TheReligiousLeft.org

Wednesday, June 22, 2011

National Organization for Marriage Admits Flawed Methodology, Fails to Justify It

By Nick Sementelli
Cross-posted from Faith in Public Life

In the final days before the New York State Senate vote on expanding marriage rights to same-sex couples, the National Organization for Marriage (NOM) released a "flash survey" claiming to show that 57% of New Yorkers think "marriage should only be between a man and a woman."

As Dan explained last week, this poll makes the same mistake as the Alliance Defense Fund's recent poll on marriage which asked about opinions on the definition of marriage rather than the more relevant issue of legality.

But that's not the only problem with this poll. As others have already noted, its sample size is tiny (302 people out of a state population of 19.3 million), and its respondents aren't very representative of the state population, skewing older, more conservative, and more likely to be married (all demographic indicators of lower support for same-sex marriage).

Attempting to respond to the criticism, NOM took to its blog to justify its flawed methodology. Admitting the poll's sample is skewed, they rationalized that their findings should still be taken seriously because their sample matches the age demographics of nationwide voters in the 2010 mid-term elections.

NOM doesn't explain why they think a nationwide demographic is applicable to a New York-specific issue, especially when the state's demographic turnout in the 2010 mid-term elections wasn't as conservative as the nationwide average. New York exit polls showed that 28% of New York voters self-identified as liberal and 32% identified as conservative. In the nationwide House exit poll, 20% self-id'ed as liberal and 42% identified as conservative.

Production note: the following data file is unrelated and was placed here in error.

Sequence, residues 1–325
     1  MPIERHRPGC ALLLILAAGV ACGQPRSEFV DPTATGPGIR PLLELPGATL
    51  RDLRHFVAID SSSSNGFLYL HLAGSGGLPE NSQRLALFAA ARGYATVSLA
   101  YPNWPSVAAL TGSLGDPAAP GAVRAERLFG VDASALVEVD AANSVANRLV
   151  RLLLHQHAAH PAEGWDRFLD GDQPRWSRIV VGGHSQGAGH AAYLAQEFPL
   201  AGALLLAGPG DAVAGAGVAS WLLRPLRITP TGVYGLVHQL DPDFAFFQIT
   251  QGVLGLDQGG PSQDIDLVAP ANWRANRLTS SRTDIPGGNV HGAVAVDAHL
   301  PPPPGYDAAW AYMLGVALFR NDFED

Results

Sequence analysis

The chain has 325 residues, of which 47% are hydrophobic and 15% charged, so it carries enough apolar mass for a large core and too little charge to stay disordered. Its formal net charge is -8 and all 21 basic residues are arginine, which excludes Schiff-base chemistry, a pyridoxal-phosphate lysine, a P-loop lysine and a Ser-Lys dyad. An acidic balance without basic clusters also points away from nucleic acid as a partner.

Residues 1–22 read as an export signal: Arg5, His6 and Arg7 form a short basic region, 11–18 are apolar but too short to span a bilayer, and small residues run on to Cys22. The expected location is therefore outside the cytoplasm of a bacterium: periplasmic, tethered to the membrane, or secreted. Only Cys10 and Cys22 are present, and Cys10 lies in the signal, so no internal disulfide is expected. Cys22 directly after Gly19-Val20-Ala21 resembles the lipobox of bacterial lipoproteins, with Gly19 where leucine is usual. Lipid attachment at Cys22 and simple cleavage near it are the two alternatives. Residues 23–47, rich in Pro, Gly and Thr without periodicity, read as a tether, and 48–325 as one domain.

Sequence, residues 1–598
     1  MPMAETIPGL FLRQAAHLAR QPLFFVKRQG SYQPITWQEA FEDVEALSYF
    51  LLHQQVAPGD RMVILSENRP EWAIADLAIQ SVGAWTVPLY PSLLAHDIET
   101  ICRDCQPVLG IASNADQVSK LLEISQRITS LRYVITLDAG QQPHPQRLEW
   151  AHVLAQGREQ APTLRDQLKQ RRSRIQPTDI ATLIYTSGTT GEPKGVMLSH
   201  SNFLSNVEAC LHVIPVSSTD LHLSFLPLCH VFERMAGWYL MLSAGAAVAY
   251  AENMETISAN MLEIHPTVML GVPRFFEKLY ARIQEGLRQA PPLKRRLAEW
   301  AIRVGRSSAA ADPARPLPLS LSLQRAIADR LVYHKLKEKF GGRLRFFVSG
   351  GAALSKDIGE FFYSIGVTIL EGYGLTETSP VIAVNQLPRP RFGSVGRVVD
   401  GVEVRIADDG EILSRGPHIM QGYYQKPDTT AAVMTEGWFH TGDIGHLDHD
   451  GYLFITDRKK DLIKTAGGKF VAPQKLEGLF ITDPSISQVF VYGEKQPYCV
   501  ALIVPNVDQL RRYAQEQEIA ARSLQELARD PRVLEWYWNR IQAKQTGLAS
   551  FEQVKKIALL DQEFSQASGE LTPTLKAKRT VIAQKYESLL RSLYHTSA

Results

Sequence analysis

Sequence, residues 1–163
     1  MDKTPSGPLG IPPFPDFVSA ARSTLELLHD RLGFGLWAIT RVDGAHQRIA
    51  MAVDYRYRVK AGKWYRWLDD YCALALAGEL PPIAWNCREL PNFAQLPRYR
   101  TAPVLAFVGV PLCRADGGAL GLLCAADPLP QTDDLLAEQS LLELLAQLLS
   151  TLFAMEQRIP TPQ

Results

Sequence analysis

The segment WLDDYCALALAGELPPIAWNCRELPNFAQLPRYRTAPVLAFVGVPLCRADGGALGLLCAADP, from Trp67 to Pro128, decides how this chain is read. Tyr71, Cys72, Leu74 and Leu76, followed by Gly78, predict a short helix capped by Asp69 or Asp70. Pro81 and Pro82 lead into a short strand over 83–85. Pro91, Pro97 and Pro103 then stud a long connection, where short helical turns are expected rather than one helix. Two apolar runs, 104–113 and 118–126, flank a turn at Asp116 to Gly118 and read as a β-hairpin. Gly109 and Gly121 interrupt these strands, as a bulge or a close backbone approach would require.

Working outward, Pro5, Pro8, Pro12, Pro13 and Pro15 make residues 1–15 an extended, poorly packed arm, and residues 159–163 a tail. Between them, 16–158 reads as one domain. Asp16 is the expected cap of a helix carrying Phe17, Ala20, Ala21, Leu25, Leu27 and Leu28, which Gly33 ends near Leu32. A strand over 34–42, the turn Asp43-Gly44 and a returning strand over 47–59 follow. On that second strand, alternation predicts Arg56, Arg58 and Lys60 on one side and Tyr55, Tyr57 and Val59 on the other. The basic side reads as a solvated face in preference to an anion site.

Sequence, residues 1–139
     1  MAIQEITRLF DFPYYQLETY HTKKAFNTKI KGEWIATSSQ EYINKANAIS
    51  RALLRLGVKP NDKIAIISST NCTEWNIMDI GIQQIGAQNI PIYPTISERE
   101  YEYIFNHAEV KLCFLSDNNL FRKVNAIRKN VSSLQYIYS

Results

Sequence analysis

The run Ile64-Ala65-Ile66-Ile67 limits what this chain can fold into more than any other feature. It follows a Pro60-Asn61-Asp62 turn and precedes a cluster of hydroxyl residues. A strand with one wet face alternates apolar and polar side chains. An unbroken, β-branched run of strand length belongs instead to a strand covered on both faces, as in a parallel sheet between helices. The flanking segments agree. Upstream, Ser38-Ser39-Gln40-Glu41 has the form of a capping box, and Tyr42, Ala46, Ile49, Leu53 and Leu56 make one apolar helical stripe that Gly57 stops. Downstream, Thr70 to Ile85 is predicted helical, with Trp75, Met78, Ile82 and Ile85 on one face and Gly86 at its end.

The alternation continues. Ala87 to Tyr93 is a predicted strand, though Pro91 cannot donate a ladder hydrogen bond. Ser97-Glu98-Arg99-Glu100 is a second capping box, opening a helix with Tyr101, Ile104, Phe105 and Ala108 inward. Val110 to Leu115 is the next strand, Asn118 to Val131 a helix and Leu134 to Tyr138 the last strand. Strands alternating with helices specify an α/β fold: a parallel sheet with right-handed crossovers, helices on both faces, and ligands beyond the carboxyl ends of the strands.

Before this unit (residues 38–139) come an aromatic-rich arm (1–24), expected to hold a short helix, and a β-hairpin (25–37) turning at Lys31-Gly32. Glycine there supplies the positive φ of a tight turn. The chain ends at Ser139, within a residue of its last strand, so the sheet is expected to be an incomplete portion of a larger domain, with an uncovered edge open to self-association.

And, as an off-year election in a Republican wave year, the 2010 voter pool is not a very good predictor of future election demographics, particularly for the next election New York legislators will face in 2012 with an incumbent Democratic president back on the ticket in a reliably blue state.

Of course, all this raises two important points:
  1. If NOM wants elected leaders to truly act in the best interest of all New Yorkers, shouldn't they base their argument on something other than a tiny, unrepresentative sample of voters? NOM's suggestion that this skewed sample's opinions constitute a compelling argument shows that they're appealing to political calculation rather than moral principles.
  2. If NOM does want to make a purely political argument for state senators to vote against the marriage bill, they're not giving very good political advice, given that their skewed sample doesn't map onto the New York landscape very well and has questionable relevance going into the 2012 election.
As New York senators decide how to vote on this bill, it's pretty clear they should ignore this poll.

Nick blogs on religion and politics at Faith in Public Life.

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